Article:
Entamoebidae
 
Entamoebidae
 

Classification: Taxonomic ranks under review (cf. Illustrated Guide to Protozoa, 2000. Allen Press)

Protista (unicellular eukaryotes)
Sarcomastigophora (with pseudopodia and/or flagella)
Sarcodina (amoeboid protista)
Rhizopodea (lobopodia, filopodia, reticulopodia)
Lobosea (locomotion by broad lobopodia)
Amoebida (naked amoebae with simple life-cycles)


Family: Entamoebidae
These rhizopod amoebae form broad lobopodia and do not produce fruiting bodies like the mycetozoa (or slime molds). They are naked amoebae with simple life-cycles and do not form temporary flagellated stages. Most members are parasites or endocommensals in the digestive tracts of arthropod or vertebrate hosts. Individual species are differentiated on the basis of nuclear structure but all are characterized by the possession of a vesicular nucleus with a central endosome. Trophozoites form single lobopodia and they form cysts.

Entamoeba histolytica [causes amoebic dysentery in man and primates]

Parasite morphology: The trophozoites are 20-30 µm in diameter and contain a vesicular nucleus with a central endosome, peripheral chromatin and radial achromatic fibrils (imparting a ‘cart-wheel’ appearance). The cysts are spherical measuring 10-15 µm in diameter and have 4 nuclei.

Host range: Entamoeba histolytica is predominantly found in primates (including humans) and occasionally in dogs, cats, cattle and pigs. The parasite has a worldwide distribution and is prevalent in tropical and subtropical countries. However, it is readily confused with Entamoeba dispar, an identical species but apparently not pathogenic. With the “wisdom” of hindsight, asyptomatic infections in Australia are thought to be due to E. dispar. Another species Entamoeba polecki has occasionally been found in association with disease in pigs, monkeys and sometimes humans. The species Entamoeba invadens is considered to be a serious pathogen of snakes and lizards (especially captive animals).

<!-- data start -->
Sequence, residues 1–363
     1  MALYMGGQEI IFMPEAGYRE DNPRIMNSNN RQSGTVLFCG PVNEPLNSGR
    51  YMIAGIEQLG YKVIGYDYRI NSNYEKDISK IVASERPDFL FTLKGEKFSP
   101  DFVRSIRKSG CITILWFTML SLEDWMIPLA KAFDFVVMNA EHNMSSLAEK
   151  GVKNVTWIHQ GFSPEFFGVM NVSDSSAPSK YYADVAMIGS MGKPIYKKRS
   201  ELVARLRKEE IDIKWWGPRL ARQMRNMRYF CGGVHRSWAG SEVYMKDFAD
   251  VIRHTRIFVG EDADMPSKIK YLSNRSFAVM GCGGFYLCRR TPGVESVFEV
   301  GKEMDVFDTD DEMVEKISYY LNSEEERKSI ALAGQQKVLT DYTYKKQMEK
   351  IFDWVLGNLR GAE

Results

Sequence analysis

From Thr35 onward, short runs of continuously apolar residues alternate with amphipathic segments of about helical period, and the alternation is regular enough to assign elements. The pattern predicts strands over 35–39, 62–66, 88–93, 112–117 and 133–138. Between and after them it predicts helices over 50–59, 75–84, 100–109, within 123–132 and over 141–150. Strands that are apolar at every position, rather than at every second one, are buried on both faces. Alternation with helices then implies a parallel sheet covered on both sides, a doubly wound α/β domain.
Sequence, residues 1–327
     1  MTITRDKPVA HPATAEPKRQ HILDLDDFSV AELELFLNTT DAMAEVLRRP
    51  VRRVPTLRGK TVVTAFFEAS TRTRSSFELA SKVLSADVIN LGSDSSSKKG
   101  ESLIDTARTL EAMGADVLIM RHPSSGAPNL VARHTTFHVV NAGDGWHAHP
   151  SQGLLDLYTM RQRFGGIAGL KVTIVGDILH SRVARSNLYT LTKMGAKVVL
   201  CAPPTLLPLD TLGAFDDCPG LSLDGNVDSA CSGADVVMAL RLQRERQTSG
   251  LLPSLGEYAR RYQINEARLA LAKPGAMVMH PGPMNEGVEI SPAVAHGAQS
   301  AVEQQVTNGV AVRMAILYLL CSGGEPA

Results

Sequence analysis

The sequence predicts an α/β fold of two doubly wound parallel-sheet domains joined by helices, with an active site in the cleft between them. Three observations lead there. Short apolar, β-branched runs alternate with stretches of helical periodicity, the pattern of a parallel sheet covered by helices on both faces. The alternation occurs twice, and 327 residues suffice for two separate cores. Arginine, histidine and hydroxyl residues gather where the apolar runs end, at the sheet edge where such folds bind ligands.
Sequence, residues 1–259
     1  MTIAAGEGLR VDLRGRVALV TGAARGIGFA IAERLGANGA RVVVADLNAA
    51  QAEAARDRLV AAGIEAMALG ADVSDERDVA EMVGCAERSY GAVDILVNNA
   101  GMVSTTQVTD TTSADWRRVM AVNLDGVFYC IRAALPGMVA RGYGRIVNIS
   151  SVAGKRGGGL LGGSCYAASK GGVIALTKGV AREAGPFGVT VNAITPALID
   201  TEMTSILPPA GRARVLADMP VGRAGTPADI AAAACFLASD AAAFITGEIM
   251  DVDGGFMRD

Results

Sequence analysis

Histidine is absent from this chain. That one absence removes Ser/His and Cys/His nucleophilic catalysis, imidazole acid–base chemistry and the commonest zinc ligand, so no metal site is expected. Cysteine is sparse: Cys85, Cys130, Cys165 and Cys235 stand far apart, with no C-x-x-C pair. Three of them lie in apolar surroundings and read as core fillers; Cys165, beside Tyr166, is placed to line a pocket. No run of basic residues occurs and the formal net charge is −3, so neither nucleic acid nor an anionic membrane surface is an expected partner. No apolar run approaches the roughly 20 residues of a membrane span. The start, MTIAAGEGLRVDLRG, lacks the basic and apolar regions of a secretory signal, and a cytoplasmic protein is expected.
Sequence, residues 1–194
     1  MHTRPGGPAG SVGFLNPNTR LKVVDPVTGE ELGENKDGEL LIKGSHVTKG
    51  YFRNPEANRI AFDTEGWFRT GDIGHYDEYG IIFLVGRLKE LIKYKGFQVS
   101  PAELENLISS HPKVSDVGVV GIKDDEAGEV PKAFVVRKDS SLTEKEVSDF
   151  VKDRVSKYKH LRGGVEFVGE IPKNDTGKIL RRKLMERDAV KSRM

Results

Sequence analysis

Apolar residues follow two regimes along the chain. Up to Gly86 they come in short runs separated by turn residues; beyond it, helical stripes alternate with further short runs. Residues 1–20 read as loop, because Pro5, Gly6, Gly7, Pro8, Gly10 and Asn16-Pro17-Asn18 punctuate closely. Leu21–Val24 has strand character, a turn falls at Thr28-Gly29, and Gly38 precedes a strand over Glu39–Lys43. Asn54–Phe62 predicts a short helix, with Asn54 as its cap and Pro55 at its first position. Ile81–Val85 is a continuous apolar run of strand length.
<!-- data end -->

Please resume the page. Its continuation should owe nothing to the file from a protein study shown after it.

Human enteric amoebae

Cyst diameter

Number of nuclei per cyst

Nuclear characteristics

Entamoeba histolytica

10-15 µm

4

cartwheel

Entamoeba polecki  

10-15 µm

4

cartwheel

Entamoeba dispar 

10-15 µm

4

cartwheel

Entamoeba hartmanni  

7-9 µm

4

cartwheel

Entamoeba coli 

15-30 µm

8

cartwheel

Iodamoeba buetschlii 

9-15 µm

1

1

Endolimax nana 

7-9 µm

1

1

Dientamoeba fragilis 

no cyst formed

no cyst formed

 


Site of infection: Trophozoites generally infect the large intestinal mucosa but under certain conditions they may perforate the gut and invade other organs (especially liver, lungs and brain).

Pathogenesis: Many infections remain asymptomatic whereas others cause severe diarrhoea (amoebic dysentery), ulceration and perforation of the colon, and secondary lesions in other organs. Virulence factors are not yet known.

Mode of transmission: Trophozoites passing posteriad condense into spherical precysts (containing chromatoidal bars) which then mature into cysts (containing 4 nuclei). The cysts are very resistant to environmental conditions and are usually ingested with contaminated food or water.

Differential diagnosis: Infections are diagnosed by repeated stool examinations for trophozoites and cysts. Considerable expertise is required to differentiate pathogenic species from harmless commensals on the basis of nuclear and cyst morphology.

Treatment and control: Patients may be treated with luminal, hepatic and/or tissue amoebicides as warranted (metronidazole appears most effective). Control may be facilitated by maintaining high standards of hygiene and ensuring proper water and sewage treatment.

 

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